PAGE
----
Earlier this week, Bell told the Arkansas Project that one of his legislative priorities is to allow legislators to opt out of membership of the National Conference of State Legislatures (NCSL). The national coalition is an educational, bi-partisan organization that provides legislators continuing education and networking opportunities. In theory, when state legislators from around the country convene they might pick up some good ideas from colleagues from other states.
Here's how the Arkansas Project frames Bell's issue with NCSL and his proposed measure:
Right now, state legislators are automatically entered into a left-leaning legislative coalition, the National Conference of State Legislatures (NCSL), at the cost of the taxpayer. Legislators are given no choice as to whether or not they want to join the group. Bell’s reform would give legislators a $500 allowance to join a coalition of their choice, saving the taxpayers money in cases where some legislators choose not to partake or to join a cheaper coalition and giving legislators, well, freedom.
The cost, Bell mentions, is $151,850, about $1,100 per legislator, all together equal to a rounding error as a portion of the state budget. Bell doesn't explicitly say this, but it's clear: He plans to save taxpayers money by only participating in ALEC, which is free because of corporate subsidies. But as a new study by Good Jobs First and the Iowa Policy Project details, ALEC's policies have significant costs.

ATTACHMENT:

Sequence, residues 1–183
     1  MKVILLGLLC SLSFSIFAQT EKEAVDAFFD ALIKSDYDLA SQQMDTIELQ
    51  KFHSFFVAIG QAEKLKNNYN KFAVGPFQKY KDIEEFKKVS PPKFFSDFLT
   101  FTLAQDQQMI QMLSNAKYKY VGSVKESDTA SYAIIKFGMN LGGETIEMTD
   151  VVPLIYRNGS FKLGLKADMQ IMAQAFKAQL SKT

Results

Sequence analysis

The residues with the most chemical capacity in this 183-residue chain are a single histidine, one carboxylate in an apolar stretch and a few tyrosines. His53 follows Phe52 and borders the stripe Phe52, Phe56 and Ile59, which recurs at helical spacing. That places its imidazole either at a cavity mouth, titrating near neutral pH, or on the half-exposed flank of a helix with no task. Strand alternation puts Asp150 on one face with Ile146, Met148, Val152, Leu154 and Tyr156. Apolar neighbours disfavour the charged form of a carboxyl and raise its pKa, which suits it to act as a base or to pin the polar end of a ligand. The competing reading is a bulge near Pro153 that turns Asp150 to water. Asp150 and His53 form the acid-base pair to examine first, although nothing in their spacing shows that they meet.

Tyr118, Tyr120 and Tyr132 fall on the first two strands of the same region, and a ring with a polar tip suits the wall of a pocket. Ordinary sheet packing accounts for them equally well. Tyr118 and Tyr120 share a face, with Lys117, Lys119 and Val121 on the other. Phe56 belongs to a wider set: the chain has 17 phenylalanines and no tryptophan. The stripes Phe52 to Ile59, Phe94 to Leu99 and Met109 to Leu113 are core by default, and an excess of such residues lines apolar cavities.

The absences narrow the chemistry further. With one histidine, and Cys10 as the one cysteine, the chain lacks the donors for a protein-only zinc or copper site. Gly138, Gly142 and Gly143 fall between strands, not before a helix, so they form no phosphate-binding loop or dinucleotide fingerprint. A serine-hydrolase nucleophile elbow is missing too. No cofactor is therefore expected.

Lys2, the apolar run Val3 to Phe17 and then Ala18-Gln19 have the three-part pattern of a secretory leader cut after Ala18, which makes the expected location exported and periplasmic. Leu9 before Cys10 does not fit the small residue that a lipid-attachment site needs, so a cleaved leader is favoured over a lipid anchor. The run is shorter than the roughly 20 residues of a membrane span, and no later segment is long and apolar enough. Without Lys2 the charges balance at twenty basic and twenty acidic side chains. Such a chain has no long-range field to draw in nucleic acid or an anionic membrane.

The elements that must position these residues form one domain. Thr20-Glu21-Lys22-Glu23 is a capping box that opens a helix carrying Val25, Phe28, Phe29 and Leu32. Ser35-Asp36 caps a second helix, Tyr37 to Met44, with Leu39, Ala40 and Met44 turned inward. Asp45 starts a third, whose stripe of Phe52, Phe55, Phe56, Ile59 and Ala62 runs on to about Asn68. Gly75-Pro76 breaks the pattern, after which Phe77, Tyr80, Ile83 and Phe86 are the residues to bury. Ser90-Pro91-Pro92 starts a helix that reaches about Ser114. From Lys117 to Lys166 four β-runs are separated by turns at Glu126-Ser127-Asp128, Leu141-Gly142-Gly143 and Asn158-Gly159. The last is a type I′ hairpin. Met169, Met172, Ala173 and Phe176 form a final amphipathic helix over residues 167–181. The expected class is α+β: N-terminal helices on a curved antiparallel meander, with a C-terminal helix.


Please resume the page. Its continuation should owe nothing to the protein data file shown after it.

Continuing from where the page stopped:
"We tested ALEC's claims against actual economic results," said Dr. Peter Fisher, primary author of the study. "We conclude that eliminating progressive taxes, suppressing wages, and cutting public services are actually a recipe for economic inequality, declining incomes, and undermining public infrastructure and education that really matter for long-term economic growth."
The study dissects the methodology used by ALEC's lead author Arthur Laffer and his co-authors. It finds that their arguments and evidence range from deeply flawed to nonexistent, consistently ignoring decades of peer-reviewed academic research. Instead, Laffer et al repeatedly engage in methodologically primitive approaches such as two-factor correlations and comparing arbitrary small numbers of states instead of all 50.
Regardless of what you think of the value of NCSL or ALEC for that matter, this is typical Republican budget slashing: find something that's meaningless in the grand scheme of things and try to sell it as curbing government waste.
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